• The LEA must inform private school officials about how their proportionate share of funding was calculated.
  • Funds or private school services must be obligated in the fiscal year in which the district receives them.

Consultation:  In addition to the prior consultation requirements, these are additional new topics:

  • There is a requirement that the goal of consultation is to reach agreement between the LEA and the private school officials how to provide equitable and effective programs for eligible private school children, the results of which agreement shall be transmitted to the ombudsman.
  • The LEA must obtain written affirmation from the private school official that consultation has taken place and that affirmation document must provide opportunity for the private school official to indicate that adequate consultation has not occurred.
  • Consultation topics now must include discussion of whether or not to pool funds, to use a third party provider, discussion of use of counseling, mentoring and tutoring and approximate time of day services will be provided.
  • If the LEA disagrees with any of the private school requests for Title I, it must provide a written analysis of its reasons.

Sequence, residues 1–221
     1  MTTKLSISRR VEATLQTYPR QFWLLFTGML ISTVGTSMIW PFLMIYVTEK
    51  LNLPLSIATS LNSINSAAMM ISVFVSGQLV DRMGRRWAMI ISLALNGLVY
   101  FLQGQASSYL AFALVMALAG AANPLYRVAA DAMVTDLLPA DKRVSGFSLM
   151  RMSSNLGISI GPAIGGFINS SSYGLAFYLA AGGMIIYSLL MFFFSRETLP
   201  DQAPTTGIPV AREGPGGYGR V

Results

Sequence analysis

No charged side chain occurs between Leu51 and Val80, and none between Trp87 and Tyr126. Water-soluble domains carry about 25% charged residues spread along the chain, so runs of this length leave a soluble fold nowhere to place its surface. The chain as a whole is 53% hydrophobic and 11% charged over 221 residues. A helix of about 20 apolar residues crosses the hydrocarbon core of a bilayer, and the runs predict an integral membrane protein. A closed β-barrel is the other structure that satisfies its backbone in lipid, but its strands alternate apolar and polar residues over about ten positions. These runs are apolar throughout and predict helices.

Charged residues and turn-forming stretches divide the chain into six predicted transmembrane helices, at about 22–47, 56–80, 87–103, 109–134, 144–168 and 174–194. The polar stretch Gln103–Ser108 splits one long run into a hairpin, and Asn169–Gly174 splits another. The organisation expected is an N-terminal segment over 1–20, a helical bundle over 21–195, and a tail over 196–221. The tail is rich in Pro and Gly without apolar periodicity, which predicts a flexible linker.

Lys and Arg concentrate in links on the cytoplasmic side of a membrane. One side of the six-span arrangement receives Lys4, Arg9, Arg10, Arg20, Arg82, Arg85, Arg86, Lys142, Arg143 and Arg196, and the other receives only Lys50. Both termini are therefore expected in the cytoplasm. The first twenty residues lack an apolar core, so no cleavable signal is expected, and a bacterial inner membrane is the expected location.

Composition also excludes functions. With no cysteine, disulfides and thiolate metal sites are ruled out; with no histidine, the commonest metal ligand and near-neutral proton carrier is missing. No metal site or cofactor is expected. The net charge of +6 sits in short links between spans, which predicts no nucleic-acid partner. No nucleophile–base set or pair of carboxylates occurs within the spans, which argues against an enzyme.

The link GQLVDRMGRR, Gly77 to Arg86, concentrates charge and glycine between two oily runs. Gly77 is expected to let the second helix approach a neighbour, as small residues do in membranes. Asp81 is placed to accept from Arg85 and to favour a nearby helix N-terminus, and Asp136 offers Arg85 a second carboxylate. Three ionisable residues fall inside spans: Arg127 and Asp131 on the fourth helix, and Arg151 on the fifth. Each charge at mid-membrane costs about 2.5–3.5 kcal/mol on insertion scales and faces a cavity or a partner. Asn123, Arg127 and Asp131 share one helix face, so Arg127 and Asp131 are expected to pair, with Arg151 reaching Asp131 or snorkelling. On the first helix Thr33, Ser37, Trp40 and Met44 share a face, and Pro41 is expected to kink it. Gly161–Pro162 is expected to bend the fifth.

Ombudsman:

  • A new position of ombudsman has been created in the law. SEAs are to appoint an ombudsman to monitor and enforce the LEA’s compliance with the equitable services provisions pertaining to the participation of private and religious school students and teachers.

The evolution of the changes in the new law may be traced following this document developed by the Office of Non Public Education at the U.S. Department of Education.

The following Titles include provision for the equitable participation of students and teachers in religious and private schools.  Each Title contains a link to the specific details.

Title I - Improving Basic Programs Operated by State and Local Educational Agencies

Title I, Part A: Basic Programs

The purpose of Title I-A is to provide all children significant opportunity to receive a fair, equitable, and high-quality education, and to close educational achievement gaps.

Eligibility: